I have some problems regarding the decomposition of characters:
1. The standard contains a character block for CJK compatibility
ideographs that are used in other standards for indicating
alternative pronounciations. The character block name indicates
that these characters are compatibility equivalent to their
counterparts in the CJK unified ideographs block. However, as
they are only alternative pronounciation for the same character
they may also be considered as canonical equivalent. I could
not figure out from the standard which of these two variants is
2. There are decomposition rules for hangul syllables into hangul
jamos. Is this decomposition considered to be a canonical
decomposition, a compatibility decomposition, or does it have to
be considered as a different kind of decomposition?
3. It is possible to build a character "latin capital letter DZ with
diaeresis" by building the sequence
"latin capital letter DZ"; "combining accute accent"
which would be rendered as a DZ with a diaresis over DZ placed in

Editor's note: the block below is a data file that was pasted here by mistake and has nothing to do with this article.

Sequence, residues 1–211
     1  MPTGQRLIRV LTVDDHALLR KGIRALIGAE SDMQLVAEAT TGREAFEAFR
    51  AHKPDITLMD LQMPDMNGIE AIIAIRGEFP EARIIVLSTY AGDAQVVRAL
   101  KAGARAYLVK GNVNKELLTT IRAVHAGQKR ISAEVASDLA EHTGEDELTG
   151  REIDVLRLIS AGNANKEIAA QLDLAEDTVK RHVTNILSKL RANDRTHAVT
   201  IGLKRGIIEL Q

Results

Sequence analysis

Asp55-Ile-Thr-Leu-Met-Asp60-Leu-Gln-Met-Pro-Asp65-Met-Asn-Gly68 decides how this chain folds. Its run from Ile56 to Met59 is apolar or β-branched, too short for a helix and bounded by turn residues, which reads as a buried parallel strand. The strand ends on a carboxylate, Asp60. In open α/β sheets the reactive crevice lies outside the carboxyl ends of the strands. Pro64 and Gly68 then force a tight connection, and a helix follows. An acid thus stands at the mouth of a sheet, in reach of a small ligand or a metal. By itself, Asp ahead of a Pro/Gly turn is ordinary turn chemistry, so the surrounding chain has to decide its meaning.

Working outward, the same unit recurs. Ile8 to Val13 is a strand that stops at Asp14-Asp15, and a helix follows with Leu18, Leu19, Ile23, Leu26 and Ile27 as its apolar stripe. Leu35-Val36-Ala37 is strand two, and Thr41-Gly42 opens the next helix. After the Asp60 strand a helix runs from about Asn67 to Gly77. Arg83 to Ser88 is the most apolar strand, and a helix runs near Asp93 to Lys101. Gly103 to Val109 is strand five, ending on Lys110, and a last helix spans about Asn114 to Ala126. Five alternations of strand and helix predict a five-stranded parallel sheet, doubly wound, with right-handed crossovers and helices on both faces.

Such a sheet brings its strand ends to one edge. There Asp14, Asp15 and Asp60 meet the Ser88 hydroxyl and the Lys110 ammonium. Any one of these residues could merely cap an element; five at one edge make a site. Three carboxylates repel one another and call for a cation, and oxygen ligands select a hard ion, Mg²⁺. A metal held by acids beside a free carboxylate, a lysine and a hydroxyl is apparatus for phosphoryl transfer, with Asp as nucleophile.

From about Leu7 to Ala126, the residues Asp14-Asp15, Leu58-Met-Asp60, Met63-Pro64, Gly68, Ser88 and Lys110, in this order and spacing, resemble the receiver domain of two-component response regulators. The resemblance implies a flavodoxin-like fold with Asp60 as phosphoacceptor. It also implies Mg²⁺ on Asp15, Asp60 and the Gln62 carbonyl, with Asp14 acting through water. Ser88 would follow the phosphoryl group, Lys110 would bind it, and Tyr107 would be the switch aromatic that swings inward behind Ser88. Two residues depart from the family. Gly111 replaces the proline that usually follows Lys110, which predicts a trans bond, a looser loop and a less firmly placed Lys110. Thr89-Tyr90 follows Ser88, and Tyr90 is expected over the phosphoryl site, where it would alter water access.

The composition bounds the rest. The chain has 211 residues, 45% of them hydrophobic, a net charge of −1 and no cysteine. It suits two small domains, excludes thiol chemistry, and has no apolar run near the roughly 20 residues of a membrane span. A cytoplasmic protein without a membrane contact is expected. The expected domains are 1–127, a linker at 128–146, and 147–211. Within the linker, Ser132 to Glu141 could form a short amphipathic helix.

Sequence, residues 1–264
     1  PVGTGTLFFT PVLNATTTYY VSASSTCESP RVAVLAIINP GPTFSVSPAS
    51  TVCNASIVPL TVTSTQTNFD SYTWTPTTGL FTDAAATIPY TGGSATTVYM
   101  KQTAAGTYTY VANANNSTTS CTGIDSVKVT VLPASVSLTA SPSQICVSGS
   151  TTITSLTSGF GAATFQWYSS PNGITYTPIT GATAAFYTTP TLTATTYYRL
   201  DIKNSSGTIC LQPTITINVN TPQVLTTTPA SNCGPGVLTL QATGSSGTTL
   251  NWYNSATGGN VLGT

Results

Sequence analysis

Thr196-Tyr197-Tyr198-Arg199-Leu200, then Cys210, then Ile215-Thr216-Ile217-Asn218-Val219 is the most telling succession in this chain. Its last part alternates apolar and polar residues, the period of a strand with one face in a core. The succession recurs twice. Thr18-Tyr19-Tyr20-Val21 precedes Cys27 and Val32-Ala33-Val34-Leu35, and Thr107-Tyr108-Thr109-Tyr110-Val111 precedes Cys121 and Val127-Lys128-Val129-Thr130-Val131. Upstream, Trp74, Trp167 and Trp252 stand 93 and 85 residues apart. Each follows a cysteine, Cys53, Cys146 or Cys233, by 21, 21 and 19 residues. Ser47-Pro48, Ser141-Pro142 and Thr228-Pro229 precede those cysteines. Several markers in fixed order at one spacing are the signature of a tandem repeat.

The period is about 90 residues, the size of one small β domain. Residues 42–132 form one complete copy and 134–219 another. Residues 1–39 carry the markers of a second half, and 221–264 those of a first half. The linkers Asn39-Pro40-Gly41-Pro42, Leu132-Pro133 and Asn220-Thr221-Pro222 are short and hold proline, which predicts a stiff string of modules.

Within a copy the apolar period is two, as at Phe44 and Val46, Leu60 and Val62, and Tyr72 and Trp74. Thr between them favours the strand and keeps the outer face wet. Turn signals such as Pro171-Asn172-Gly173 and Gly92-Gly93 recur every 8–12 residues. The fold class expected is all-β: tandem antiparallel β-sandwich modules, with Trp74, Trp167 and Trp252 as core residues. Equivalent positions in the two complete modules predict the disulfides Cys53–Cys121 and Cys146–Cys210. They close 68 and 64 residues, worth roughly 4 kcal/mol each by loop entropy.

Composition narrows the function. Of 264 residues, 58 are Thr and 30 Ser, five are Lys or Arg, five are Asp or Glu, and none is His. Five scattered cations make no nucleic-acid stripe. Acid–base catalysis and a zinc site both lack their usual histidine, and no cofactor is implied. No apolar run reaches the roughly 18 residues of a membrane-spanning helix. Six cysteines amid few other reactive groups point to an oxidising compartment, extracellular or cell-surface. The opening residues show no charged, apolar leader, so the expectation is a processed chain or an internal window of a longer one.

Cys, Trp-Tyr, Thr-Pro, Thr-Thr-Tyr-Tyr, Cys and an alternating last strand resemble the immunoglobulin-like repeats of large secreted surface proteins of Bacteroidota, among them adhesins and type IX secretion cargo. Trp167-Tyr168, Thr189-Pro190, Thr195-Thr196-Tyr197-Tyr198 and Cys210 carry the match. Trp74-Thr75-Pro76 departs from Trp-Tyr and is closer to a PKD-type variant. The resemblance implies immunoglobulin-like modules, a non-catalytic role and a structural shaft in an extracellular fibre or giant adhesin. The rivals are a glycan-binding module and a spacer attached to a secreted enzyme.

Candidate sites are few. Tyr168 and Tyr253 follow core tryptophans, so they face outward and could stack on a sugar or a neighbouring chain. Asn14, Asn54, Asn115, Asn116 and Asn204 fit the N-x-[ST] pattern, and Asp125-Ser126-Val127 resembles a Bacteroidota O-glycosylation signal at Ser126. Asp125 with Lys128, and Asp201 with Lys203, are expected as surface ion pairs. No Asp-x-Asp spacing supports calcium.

Applying the compatibility decomposition of "latin capital letter DZ"
results in the sequence
"latin capital letter D"; "latin capital letter Z";
"combining accute accent"
which would be rendered as a D followed by a Z with an acute only
on top of Z.
I would consider these two renderings as having different semantics.
This means that a compatibility decomposition changes more than
just formatting informations (though one might argue that a
DZ with a ACUTE above is not a character used in any language; but
then consider the appearance of new languages ...).
-- Michael Mehlich email: firstname.lastname@example.org Semantic Designs, Inc. voice: 512-250-1018 12636 Research Blvd. #C-214 fax: 512-250-1191 Austin, Texas 78759 www: http://www.semdesigns.com
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